The brick-and-mortar bank may perish before you do.
Each week, Consolidated Credit searches for financial research that can help you deal with your debt and budget. This week…
The interesting study
A high-tech venture capital firm called Blumberg Capital polled more than 2,000 adults about their opinions on where they keep their money. The results made the firm very happy, for reasons you’ll soon see.
The big result
Are Americans confident about their checking and savings accounts? Don’t bank on it.
“Three of five Americans believe that their banks are failing to keep up with their needs in today’s connected world, leading many to wonder if traditional financial institutions will disappear,” Blumberg researchers concluded.
The top reasons…
- 80 percent said banks “need to focus more on helping the average consumers and small business owners rather than the top 1 percent and big business.”
- 79 percent “want access to flexible borrowing options that minimize their interest payments,” which they say they’re not getting.
- 76 percent believe banks don’t care about those with low FICO scores or bad employment histories.
- 62 percent “feel they pay way too much interest on debt.”
So what will replace your bank? That’s where it gets interesting.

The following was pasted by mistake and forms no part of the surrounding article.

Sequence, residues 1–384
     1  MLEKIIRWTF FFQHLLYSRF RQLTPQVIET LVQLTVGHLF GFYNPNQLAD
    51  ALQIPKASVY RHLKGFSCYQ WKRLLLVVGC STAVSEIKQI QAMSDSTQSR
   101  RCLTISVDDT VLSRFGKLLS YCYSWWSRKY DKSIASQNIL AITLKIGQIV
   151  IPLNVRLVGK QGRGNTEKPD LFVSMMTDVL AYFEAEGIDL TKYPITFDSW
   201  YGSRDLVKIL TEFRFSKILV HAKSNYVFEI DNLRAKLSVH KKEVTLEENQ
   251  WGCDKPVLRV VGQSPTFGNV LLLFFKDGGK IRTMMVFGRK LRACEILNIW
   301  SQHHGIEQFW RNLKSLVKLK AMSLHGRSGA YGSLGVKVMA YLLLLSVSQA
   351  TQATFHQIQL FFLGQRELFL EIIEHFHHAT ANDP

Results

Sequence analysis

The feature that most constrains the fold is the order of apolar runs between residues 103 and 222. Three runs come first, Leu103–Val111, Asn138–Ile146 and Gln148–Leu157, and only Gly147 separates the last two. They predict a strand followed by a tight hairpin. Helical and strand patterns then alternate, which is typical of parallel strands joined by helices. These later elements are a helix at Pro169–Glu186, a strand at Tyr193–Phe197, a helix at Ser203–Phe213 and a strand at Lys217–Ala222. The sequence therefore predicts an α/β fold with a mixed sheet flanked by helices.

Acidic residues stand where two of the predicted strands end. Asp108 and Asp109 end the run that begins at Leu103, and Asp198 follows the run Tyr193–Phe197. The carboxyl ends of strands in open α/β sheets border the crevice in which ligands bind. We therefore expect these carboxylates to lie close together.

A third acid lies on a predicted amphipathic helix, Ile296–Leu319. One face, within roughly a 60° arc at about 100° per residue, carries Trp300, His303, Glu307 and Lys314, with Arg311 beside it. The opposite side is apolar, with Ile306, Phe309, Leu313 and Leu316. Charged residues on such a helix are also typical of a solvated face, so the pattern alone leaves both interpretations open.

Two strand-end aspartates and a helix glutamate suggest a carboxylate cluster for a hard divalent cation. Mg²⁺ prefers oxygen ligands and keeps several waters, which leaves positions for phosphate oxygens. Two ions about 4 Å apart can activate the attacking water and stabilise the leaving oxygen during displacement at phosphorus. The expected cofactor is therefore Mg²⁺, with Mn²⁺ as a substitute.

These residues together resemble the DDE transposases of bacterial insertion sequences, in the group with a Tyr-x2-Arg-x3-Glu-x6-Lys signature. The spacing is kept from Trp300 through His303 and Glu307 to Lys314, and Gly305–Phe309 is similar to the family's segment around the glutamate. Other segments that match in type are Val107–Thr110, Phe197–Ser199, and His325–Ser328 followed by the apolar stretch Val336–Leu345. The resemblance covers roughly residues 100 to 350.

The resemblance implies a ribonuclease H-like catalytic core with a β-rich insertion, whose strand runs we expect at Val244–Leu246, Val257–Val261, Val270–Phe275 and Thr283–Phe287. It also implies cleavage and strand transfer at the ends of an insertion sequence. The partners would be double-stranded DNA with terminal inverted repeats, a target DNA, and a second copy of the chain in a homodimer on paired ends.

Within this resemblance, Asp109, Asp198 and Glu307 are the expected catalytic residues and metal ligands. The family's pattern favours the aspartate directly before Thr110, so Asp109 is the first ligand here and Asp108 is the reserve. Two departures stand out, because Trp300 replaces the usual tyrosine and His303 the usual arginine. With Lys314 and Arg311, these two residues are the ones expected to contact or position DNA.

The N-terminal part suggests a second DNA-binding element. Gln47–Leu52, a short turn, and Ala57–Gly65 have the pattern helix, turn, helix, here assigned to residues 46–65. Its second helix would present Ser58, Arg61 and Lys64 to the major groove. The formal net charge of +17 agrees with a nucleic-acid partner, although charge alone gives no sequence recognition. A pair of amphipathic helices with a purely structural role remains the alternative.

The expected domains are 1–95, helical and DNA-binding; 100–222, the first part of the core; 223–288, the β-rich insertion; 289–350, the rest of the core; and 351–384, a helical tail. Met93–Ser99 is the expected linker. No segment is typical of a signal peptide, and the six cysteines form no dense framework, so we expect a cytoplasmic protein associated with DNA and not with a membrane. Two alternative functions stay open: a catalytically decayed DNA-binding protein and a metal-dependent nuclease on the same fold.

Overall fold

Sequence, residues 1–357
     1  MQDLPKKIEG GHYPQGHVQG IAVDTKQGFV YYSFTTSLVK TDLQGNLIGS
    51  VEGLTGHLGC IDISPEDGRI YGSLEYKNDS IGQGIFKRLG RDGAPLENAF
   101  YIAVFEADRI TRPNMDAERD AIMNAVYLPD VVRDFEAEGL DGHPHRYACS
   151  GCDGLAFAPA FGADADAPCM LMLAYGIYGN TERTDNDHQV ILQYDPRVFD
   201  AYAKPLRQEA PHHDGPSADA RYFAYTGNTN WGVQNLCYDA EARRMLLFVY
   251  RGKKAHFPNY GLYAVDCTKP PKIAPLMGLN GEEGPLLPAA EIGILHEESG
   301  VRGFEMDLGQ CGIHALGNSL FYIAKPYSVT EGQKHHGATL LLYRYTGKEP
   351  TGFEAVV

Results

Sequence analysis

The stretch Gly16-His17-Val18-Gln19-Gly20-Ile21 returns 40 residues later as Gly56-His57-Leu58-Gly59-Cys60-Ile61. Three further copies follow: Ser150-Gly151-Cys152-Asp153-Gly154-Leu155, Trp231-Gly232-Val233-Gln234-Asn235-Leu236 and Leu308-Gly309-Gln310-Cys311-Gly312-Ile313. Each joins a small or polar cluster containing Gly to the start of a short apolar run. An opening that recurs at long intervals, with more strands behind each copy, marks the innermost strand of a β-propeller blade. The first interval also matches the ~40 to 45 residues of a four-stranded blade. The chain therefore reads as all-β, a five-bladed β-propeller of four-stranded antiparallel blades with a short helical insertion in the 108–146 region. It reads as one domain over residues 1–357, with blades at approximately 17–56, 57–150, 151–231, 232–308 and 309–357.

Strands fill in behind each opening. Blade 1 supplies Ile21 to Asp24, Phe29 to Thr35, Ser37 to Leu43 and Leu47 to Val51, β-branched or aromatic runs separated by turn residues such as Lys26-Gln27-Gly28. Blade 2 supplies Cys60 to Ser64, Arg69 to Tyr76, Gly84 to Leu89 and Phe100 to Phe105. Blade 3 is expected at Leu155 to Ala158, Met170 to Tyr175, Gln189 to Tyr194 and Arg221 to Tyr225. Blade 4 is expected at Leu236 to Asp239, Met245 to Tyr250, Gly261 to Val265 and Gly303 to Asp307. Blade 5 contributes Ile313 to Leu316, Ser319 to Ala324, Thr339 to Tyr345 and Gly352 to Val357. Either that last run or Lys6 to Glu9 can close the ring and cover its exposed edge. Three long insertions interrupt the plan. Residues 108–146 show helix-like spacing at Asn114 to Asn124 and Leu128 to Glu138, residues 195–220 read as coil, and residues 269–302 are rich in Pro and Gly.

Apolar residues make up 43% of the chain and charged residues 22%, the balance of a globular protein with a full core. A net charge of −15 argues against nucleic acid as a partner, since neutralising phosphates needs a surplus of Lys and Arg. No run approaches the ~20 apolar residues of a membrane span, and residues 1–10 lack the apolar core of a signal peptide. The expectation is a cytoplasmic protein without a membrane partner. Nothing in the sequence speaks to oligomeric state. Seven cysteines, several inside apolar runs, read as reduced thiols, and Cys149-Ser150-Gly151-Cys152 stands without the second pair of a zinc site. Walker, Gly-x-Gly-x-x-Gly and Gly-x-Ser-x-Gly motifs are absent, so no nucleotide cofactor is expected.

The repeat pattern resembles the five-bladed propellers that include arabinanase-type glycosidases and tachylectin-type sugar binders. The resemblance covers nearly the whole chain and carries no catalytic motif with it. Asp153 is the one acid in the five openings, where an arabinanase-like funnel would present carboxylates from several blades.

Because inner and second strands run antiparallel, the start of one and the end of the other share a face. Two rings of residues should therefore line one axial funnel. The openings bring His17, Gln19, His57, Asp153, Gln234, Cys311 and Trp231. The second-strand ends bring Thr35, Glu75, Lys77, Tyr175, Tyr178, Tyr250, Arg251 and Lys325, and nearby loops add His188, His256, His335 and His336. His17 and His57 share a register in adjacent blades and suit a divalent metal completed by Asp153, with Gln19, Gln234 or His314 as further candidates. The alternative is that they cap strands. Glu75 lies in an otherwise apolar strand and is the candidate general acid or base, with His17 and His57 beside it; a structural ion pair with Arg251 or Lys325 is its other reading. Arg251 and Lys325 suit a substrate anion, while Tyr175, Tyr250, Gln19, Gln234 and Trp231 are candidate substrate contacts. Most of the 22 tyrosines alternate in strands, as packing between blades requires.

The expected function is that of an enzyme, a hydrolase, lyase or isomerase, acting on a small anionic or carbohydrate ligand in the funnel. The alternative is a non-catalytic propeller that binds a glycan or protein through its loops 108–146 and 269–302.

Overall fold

The fascinating details
Most adults want not only better customer service and financial incentives, they want banks to embrace reliable technology – known as “FinTech” in the banking industry.
For example, 74 percent of those polled by Blumberg “agree that it would be helpful if there was an automated and customized way to make sure they never miss a payment and always minimize the total interest expense on their loans.”
Then again, most Americans don’t trust banks to use this FinTech safely. Almost the same number (72 percent) said, “They worry about with the new banking services online and they are not completely confident their financial information is secure or private.”
What you can do
If you’re unimpressed with the rates and fees your bank offers and charges, consider moving your money to a credit union. There are pros and cons, but many Americans are finding the good outweighs the bad. Learn more by watching Consolidated Credit’s video Credit Unions vs. Banks.
If you want to dabble in Fintech just a bit, you can try online calculators and budgeting programs. Check out Consolidated Credit’s Simple Savings Calculator, then consider using free programs like Mint and Power Wallet, which help you save money by visualizing where you spend it.
Of course, those are just tiny steps toward truly online banking, and Bankrate offers a good tutorial on how they work. Finally, you can meld old and new tech by calling Consolidated Credit at or applying online for a free debt analysis from a certified credit counselor.